(This article was first published in The Economic Times.)
The government’s demonetisation drive has turned banking mutual funds into the flavour of the season. The equity banking fund category generated close to 20% returns in 2016.
The top-performing funds in this category earned even more than the category average. The banking indices—BSE Bankex and Nifty Bank—beat the broader market indices by considerable margins.
So, are you missing a trick by not having banking funds in your portfolio? Probably not. Here are two primary reasons why you should be wary about investing in banking funds, despite their exemplary performance in recent times.
Sector funds are volatile
According to data from Value Research, the same banking funds that returned around 20% in 2016 had posted negative returns in 2015. For instance, the top-performing banking fund for 2016 was ICICI Prudential Banking and Financial Services with 21.70% returns. But a year before that, it was in the red with -6.69% returns. The same is the case with its category peers.
No banking fund was in the green in 2015. Chasing their recent performance can be detrimental to your portfolio returns because no one can accurately anticipate the direction in which a particular sector will go. Investing in a banking fund right now amounts to timing the market, something long-term investors should avoid doing.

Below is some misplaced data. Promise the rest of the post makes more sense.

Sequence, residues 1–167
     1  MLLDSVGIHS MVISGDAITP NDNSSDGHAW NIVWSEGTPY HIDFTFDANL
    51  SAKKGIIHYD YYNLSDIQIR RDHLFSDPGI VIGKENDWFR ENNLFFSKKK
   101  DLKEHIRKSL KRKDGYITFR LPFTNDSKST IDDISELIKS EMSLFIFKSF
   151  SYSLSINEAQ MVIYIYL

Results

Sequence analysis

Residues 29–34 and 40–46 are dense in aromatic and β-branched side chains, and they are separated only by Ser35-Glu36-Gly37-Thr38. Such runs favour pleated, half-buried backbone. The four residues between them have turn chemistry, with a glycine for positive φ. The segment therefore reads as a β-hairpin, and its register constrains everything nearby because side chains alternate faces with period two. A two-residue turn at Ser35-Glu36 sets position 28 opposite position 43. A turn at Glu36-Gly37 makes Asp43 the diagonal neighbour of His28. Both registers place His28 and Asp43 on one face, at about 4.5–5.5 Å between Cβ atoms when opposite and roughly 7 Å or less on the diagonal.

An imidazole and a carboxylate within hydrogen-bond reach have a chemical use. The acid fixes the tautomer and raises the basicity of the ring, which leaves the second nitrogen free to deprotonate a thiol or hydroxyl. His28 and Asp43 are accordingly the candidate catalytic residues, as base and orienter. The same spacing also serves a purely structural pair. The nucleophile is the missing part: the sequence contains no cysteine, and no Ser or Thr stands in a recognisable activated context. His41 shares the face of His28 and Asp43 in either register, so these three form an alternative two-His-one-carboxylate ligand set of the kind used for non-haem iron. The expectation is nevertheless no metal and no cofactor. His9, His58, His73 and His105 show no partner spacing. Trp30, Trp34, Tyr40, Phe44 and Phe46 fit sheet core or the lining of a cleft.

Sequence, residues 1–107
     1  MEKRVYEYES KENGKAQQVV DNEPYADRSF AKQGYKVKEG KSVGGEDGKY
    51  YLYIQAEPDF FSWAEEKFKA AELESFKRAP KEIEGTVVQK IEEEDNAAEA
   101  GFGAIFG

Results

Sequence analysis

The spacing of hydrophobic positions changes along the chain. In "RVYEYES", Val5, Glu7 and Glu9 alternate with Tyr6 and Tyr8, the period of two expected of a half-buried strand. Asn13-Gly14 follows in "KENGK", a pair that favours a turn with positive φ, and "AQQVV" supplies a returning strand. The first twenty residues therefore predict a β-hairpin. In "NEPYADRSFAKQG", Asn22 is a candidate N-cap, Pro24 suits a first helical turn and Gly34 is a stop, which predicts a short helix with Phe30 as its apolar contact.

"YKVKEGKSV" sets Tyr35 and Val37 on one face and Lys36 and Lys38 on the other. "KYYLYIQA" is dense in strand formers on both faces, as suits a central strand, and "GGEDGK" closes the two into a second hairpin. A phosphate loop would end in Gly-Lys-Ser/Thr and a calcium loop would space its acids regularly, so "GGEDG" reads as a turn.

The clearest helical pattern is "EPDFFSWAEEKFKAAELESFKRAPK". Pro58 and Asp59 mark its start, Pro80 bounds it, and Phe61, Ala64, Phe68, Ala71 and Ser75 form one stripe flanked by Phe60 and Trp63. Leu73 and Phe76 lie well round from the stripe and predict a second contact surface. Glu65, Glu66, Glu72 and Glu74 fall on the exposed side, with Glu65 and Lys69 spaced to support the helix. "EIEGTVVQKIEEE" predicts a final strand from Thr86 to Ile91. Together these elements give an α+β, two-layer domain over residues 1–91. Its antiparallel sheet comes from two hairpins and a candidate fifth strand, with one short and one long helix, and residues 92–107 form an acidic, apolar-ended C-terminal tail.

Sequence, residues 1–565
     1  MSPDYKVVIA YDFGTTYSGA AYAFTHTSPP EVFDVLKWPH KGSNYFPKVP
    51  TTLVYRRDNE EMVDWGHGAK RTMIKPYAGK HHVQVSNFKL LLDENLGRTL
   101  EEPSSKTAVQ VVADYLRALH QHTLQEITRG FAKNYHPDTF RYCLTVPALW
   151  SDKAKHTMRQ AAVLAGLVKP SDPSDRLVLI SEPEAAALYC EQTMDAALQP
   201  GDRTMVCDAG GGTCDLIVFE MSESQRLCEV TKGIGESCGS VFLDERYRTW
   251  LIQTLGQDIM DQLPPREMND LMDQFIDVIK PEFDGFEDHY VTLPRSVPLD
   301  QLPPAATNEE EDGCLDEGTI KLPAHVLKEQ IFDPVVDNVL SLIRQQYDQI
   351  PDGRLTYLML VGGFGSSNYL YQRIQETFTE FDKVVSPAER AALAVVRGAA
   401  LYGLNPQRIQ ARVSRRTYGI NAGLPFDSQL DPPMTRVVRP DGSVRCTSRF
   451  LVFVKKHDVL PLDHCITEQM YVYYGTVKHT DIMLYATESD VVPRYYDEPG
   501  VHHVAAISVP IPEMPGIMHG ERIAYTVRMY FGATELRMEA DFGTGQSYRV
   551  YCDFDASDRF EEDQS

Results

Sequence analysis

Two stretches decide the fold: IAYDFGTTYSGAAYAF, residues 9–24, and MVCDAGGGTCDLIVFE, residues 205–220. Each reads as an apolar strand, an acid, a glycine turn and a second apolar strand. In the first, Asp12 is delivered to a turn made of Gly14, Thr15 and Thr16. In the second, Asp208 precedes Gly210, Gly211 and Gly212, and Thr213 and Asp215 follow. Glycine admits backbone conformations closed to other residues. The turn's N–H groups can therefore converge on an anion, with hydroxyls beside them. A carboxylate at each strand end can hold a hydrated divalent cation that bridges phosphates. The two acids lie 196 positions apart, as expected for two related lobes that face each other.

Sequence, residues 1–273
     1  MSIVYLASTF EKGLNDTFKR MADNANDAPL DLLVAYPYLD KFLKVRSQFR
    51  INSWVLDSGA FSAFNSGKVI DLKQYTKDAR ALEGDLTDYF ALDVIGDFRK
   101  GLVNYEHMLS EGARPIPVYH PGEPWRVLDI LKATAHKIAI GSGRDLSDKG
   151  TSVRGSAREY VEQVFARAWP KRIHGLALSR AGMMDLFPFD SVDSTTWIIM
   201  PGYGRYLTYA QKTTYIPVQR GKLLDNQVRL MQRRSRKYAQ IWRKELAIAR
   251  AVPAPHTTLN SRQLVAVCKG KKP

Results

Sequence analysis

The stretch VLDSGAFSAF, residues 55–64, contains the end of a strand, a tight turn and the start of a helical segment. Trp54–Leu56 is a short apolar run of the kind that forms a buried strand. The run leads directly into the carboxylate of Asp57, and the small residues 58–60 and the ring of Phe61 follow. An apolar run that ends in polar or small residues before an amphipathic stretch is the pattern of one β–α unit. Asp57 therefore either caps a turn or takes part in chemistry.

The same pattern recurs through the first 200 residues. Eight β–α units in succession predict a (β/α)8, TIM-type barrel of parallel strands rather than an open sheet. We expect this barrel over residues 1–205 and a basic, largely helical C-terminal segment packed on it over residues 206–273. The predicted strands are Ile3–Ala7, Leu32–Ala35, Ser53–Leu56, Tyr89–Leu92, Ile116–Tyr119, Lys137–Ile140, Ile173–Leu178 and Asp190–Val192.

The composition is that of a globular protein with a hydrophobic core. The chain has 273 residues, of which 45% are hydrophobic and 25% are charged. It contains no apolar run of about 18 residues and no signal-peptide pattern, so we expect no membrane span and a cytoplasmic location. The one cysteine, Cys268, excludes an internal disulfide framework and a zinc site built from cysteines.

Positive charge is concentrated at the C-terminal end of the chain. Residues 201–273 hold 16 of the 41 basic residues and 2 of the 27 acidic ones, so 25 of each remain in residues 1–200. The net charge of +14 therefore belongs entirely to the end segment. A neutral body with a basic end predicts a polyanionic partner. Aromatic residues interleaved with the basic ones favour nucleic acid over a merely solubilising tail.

However, what about the fact that banking and financial services stocks are expected to benefit from demonetisation? That brings us to the second reason.
Diversified funds are investing in banking stocks
The diversified equity funds that you currently hold will already have sizeable exposure to banking and financial services stocks. We looked at the portfolios of the top performing diversified funds of 2016 from the large-cap, multi-cap and mid-cap categories, and found that the average allocation to financial services stocks among these funds is close to 20%.
These diversified equity funds also have banks and financial services companies among their top portfolio holdings. This means that if you’re investing in diversified funds, you’re already investing sufficiently in the financial sector. As this sector benefits from demonetisation, your diversified equity fund will benefit as well.
If you invest in banking funds separately, you will only make your portfolio overexposed to the banking and financial services sector. Dinesh Rohira, Founder and CEO of 5nance.com says, “Money has come into the banking system but their earnings will be affected till the surplus funds are deployed properly. Hence, concentrating your portfolio to this sector will increase your portfolio’s volatility.”
In a nutshell, banks and financial services companies will probably do well in 2017. But you shouldn’t invest in banking funds because your diversified equity funds are already investing in this sector. So continue investing in diversified funds and let the fund managers worry about taking sectoral calls. That’s what you pay fund management fees for.